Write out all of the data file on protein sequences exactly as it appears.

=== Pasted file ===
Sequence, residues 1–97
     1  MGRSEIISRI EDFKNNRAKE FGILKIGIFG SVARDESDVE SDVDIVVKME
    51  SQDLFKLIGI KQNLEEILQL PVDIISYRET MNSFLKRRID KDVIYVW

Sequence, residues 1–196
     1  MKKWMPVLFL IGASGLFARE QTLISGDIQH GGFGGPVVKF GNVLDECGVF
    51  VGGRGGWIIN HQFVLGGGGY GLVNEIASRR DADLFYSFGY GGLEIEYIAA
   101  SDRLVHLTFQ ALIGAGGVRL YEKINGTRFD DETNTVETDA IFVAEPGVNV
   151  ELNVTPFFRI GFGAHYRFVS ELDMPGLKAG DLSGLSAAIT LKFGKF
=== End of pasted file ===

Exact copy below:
Sequence, residues 1–97
     1  MGRSEIISRI EDFKNNRAKE FGILKIGIFG SVARDESDVE SDVDIVVKME
    51  SQDLFKLIGI KQNLEEILQL PVDIISYRET MNSFLKRRID KDVIYVW

Sequence, residues 1–196
     1  MKKWMPVLFL IGASGLFARE QTLISGDIQH GGFGGPVVKF GNVLDECGVF
    51  VGGRGGWIIN HQFVLGGGGY GLVNEIASRR DADLFYSFGY GGLEIEYIAA
   101  SDRLVHLTFQ ALIGAGGVRL YEKINGTRFD DETNTVETDA IFVAEPGVNV
   151  ELNVTPFFRI GFGAHYRFVS ELDMPGLKAG DLSGLSAAIT LKFGKF